Here are five things to watch as the Washington Huskies begin their 2016 football season on Saturday against the Rutgers Scarlet Knights at Husky Stadium:
1. How good can the Huskies’ defense be?
Washington led the Pac-12 in scoring defense last season and allowed only 11 passing touchdowns all season. Seven starters return — including first-team All-Pac-12 performers Budda Baker and Sidney Jones — and there didn’t appear to be any drop-off during fall camp practices.
Baker and Jones highlight the deepest, most talented secondary UW has had in years. Azeem Victor and Keishawn Bierria were both standouts at linebacker last season. And the defensive front of Elijah Qualls, Greg Gaines and Vita Vea should be difficult for opponents to run against.
Rutgers returns its starting quarterback (Chris Laviano) and its top two tailbacks, and has transitioned to the spread offense under first-year coordinator Drew Mehringer. So while the Scarlet Knights might experience growing pains under first-year coach Chris Ash, they do have enough offensive firepower to provide some kind of test for the Huskies’ defense.
One player to watch: new starting strong-side linebacker Psalm Wooching, a fifth-year senior who played in a reserve role behind Travis Feeney last season. UW needs Wooching and his backup, sophomore Tevis Bartlett, to help replace Feeney’s production as a pass rusher.
2. Running back rotation
You already know about Myles Gaskin, Washington’s sophomore tailback who set school records last season for most rushing yards (1,302) and touchdowns (14) by a freshman. He is the Huskies’ No. 1 tailback and one of their most important players.
But the Huskies will use other backs, too, and this relatively weak nonconference slate presents an opportunity to establish some kind of pecking order in the backfield.
One player to watch: third-year sophomore tailback Jomon Dotson, who is listed as the No. 2 tailback behind Gaskin on the depth chart. Dotson rushed 18 times for 42 yards last season, so he hasn’t really had much opportunity to prove himself yet.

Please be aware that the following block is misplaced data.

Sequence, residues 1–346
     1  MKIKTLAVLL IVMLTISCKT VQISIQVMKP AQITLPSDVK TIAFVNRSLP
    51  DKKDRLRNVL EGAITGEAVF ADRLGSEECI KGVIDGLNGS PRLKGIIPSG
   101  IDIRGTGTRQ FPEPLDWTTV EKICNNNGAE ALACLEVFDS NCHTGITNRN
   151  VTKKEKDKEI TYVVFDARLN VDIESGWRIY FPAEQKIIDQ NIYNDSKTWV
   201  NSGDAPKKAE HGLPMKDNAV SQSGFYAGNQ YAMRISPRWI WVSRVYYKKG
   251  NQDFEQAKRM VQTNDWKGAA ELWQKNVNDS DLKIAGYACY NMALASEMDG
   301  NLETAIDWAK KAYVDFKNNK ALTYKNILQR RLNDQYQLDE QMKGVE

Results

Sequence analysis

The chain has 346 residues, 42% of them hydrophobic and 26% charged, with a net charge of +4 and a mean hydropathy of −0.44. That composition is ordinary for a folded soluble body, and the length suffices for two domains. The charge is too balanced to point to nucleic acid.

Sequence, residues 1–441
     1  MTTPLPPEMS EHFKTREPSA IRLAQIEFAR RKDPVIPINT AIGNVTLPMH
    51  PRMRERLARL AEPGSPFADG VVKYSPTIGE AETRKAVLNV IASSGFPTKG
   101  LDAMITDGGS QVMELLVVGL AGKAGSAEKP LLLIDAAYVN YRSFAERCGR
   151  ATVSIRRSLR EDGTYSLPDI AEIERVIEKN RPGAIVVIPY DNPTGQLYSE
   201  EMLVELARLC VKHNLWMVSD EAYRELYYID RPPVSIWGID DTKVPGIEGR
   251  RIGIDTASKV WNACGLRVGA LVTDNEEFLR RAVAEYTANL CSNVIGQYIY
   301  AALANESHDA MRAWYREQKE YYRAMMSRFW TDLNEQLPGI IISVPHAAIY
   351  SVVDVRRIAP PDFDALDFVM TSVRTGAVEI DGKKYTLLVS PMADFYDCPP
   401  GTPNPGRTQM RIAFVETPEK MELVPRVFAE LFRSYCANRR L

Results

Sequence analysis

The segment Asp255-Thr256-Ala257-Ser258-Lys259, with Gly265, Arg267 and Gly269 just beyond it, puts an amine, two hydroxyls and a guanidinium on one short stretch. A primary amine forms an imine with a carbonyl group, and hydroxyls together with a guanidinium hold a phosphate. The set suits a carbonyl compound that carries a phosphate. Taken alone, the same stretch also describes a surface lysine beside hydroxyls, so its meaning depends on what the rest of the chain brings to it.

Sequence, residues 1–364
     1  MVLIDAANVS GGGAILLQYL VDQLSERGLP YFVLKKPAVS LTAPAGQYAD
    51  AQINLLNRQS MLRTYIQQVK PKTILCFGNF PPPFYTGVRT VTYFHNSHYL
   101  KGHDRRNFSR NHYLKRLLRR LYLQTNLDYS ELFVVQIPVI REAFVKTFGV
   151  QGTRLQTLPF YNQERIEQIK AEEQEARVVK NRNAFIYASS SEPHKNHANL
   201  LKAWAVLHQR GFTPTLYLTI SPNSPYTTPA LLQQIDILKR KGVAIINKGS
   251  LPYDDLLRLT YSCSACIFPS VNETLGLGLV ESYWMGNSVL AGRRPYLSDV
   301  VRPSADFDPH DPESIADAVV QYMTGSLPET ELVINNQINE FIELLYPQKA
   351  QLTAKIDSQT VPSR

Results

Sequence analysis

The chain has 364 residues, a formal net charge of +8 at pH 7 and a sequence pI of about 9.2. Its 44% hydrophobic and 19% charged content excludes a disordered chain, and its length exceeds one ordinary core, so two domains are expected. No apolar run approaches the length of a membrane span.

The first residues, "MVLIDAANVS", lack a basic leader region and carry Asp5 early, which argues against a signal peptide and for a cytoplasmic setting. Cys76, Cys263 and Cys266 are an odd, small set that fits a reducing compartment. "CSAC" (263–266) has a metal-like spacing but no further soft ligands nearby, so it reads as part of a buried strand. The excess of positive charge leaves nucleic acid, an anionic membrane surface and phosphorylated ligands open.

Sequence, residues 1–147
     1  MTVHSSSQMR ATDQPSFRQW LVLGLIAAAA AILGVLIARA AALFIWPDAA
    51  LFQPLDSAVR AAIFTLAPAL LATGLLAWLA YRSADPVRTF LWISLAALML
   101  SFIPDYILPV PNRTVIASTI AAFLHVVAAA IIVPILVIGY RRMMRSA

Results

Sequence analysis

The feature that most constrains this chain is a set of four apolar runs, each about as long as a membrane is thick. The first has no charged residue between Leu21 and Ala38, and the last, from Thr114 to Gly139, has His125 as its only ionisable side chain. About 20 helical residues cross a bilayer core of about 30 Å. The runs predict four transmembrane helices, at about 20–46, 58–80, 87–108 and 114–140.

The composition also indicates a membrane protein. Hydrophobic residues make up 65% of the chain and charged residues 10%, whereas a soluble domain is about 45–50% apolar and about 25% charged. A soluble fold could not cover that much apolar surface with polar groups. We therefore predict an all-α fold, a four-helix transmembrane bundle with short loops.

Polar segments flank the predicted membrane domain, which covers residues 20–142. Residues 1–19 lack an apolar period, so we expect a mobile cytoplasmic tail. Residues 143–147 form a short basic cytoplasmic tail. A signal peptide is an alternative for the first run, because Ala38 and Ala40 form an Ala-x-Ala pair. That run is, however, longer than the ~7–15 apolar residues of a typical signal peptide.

Running backs coach Keith Bhonapha said Dotson has improved his pass protection, and he’s shown good enough hands to be a weapon in the passing game.
He can also run.
“I don’t think people understand how fast that dude is,” Gaskin said. “He can go. He’s tough. He’s hungry. He’s ready to go. He’s good at pass pro. I think he’s a real good back.”
Dotson said he hopes to show “just my speed. Everybody hasn’t really seen or really heard about me, so I just want to go out there and show them who I am, and put my name out there.”
Fourth-year junior Lavon Coleman is also competing for carries.
“It’s that time of the year where you have to make decisions and have to figure out who’s going to play, so you can kind of get those guys the work,” Bhonapha said. “I can’t tell you ‘OK, it’s this close.’ I don’t know what answer you’re looking for there. I think all those guys have gotten better, and as the season goes on, we have to keep progressing as a group.”
3. More freedom for Jake Browning
UW’s sophomore quarterback posted decent numbers last season as a freshman: 2,955 passing yards, 16 touchdowns, 10 interceptions and a 63.3 completion percentage. He is one of five returning starting quarterbacks in the Pac-12, and is expected to be one of the top throwers in the league this season.